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Biotoxins

Common Characteristics

  • Are by-products of bacteria or naturally occurring chemicals
  • Do not replicate within the host
  • Are not communicable
  • LD50 is quite low
  • Can produce significant life-threatening disease when delivered as an aerosol

Clostridium botulinum Neurotoxin

  • Three naturally occurring forms are recognized: food-borne, wound, and infant
  • Inhalation botulism could occur if toxin is intentionally delivered as an aerosol
  • The neurotoxin binds presynaptically to the cholinergic nerves blocking the release of acetylcholine producing severe neuromuscular paralysis
  • Early symptoms include ocular paresis, rotatory nystagmus, dilated pupils, dysarthria, ataxia, and generalized weakness
  • Clinical pearl: A young person presenting with difficulty swallowing and speaking who has not suffered a cerebral vascular accident is most likely to have botulism
  • Electromyography may help to establish the diagnosis and a rabbit bioassay is available for confirmation
  • The antitoxin is active against serotypes A, B, and E
  • Treatment must be initiated when disease is suspected, without waiting for laboratory confirmation
  • Trivalent antitoxin will prevent progression but will not reverse paralysis once it occurs
  • Antibiotics are not indicated for inhalational botulism

Ricin

  • A toxin that is derived from the castor bean, Ricinis communis
  • Following inhalation, symptoms occur after 8 hours producing a necrotizing pnuemonitis and pulmonary edema
  • After parenteral administration:
    • Local pain
    • Fifteen to 24 hours later, nausea, vomiting, fever, and localized lymphadenopathy proximal to the injection
    • After 48 hours, a sepsis-like syndrome occurs with hypotension, leukocytosis, DIC, multi-organ system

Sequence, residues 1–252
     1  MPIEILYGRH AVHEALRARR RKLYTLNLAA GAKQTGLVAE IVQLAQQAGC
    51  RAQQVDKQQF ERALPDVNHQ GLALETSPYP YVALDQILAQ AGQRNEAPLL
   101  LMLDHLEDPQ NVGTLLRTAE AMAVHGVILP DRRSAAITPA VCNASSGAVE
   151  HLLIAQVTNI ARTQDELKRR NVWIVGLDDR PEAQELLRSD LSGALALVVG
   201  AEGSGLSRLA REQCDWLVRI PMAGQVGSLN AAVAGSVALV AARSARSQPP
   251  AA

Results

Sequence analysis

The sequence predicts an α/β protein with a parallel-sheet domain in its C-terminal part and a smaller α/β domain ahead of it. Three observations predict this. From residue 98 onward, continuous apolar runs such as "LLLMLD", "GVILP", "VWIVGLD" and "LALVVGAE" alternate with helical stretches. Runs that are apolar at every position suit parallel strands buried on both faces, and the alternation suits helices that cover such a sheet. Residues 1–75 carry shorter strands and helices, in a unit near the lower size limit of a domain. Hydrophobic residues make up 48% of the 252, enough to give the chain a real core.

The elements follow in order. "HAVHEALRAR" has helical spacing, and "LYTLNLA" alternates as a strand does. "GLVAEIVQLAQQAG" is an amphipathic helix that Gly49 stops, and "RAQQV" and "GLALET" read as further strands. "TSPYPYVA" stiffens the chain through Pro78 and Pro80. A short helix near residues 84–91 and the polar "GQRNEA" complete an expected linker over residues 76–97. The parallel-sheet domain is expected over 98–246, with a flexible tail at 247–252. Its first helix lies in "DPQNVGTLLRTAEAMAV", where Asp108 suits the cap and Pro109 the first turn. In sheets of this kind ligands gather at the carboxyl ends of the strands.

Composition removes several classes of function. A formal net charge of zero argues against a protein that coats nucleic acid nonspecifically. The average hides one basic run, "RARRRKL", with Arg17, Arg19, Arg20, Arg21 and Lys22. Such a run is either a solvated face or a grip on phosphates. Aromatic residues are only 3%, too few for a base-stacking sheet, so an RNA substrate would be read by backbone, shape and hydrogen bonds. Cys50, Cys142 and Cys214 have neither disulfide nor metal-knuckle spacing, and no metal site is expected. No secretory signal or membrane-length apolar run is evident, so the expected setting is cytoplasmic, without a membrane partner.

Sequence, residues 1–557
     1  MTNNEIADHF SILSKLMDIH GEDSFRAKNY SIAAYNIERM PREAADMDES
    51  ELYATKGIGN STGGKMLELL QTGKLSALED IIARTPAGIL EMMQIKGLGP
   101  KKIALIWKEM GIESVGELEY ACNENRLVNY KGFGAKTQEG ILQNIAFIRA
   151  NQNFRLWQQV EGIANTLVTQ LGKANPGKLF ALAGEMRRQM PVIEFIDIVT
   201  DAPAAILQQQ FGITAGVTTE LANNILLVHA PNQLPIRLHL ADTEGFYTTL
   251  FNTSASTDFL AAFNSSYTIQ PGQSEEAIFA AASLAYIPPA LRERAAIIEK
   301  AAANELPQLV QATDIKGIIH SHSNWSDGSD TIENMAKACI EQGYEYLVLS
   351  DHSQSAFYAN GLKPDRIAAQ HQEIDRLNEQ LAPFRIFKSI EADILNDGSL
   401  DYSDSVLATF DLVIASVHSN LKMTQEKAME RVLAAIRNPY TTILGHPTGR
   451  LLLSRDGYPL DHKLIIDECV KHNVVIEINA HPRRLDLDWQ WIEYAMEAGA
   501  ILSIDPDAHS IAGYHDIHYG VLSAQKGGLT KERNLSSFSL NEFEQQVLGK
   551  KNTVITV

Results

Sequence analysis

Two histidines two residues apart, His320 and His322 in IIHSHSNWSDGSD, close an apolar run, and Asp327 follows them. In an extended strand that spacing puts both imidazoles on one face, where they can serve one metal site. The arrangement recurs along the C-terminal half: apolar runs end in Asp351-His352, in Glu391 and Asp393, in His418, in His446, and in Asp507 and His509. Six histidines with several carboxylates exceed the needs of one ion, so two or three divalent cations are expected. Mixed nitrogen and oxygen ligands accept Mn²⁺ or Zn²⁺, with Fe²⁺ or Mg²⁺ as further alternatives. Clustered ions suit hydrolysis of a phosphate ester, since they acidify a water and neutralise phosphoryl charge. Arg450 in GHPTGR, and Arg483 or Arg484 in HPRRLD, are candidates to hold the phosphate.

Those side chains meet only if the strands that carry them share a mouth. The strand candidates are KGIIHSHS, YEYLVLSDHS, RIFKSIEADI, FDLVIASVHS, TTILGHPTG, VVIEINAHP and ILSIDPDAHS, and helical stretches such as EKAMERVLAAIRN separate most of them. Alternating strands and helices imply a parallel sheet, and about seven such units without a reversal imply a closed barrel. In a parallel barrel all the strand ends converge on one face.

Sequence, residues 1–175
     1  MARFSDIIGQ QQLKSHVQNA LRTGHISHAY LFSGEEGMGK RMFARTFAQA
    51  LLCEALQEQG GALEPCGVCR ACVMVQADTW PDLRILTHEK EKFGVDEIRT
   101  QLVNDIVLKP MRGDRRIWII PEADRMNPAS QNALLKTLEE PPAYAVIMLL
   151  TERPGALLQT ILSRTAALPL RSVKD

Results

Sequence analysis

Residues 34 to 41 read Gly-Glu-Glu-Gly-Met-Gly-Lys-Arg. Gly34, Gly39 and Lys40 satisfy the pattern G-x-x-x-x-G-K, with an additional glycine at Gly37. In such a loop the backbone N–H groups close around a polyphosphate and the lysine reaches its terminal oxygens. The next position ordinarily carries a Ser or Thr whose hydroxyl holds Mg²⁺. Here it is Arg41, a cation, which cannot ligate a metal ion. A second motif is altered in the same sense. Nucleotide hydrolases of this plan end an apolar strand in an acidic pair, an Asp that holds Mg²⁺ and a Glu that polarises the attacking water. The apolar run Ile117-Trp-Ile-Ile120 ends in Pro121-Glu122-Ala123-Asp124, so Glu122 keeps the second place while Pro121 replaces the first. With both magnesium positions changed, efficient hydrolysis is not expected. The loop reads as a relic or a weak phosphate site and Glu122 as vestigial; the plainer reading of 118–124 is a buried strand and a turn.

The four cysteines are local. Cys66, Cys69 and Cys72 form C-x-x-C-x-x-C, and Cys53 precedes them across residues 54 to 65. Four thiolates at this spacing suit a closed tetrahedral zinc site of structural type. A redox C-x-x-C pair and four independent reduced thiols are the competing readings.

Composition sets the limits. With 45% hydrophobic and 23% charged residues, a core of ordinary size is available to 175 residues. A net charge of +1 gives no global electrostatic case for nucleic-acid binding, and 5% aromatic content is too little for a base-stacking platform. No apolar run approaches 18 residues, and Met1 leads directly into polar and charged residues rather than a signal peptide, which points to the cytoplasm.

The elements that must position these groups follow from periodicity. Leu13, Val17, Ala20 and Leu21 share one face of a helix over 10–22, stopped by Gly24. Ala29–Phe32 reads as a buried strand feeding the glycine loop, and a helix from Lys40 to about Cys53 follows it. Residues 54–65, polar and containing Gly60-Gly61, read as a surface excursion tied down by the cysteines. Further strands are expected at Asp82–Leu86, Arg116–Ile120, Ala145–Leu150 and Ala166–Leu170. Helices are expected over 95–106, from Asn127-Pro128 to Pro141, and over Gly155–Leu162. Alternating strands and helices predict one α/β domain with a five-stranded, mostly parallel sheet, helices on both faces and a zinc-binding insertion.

• Diagnosis may be confirmed by an ELISA assay
  • Treatment is supportive:
    • A formalin-treated toxoid has had preclinical testing and may be available through the CDC as an Investigational New Drug

Staphylococcal Enterotoxin B (SEB)

  • A superantigen that stimulates the major histocompatibility complex, producing a multi-system disease resembling sepsis:
    • Examples include toxic shock syndrome and staphylococcal food poisoning
  • SEB is considered an incapacitating agent, although it can be lethal to some exposed victims
  • After aerosolized exposure, respiratory symptoms predominate:
    • Within 10 hours, non-productive cough, dyspnea, orthopnea occur
    • Headache, chest pain, myalgias, nausea, and vomiting can also occur
    • An elevated white blood cell count, hypoxia, and a chest x-ray consistent with pulmonary edema may be seen
    • Most symptoms resolve within 24 to 36 hours, but exertional dyspnea may persist for 10 days
  • The SEB toxin may be detected on nasal swabs early in the course of the illness
  • For rapid detection, a PCR amplification is available from the CDC
  • Treatment is supportive:
    • Since sepsis and pneumonia are in the differential diagnosis, antibiotics should be administered pending confirmatory tests

Trichothecene Mycotoxin (T-2)

  • A mycotoxin that inhibits DNA and protein synthesis and, to a lesser extent, RNA synthesis
  • Trichothecene occurs naturally in nature and can be manufactured in large quantities
  • The toxin is rapidly taken up across the pulmonary and gastrointestinal mucosa and more slowly through the skin
  • Skin exposure causes burning, blistering, petechiae, and ecchymoses
  • Ocular exposure can cause burning and corneal opacification
  • Respiratory exposure causes cough, pleuritic chest pain, dyspnea, and hemoptysis
  • Gastrointestinal symptoms include hematemesis, abdominal pain, and bloody diarrhea
  • Diagnosis can be suspected when exposure to a yellow oily liquid occurs, followed by the constellation of symptoms described
  • Environmental or biological samples can be used for confirmation using gas chromatography-mass spectrometry
  • Emergency measures include immediate skin decontamination with soap and water and isolation of contaminated clothes
  • Treatment is supportive

B. Zane Horowitz, MD, FMACT
Oregon Poison Center
Oregon Health Sciences University

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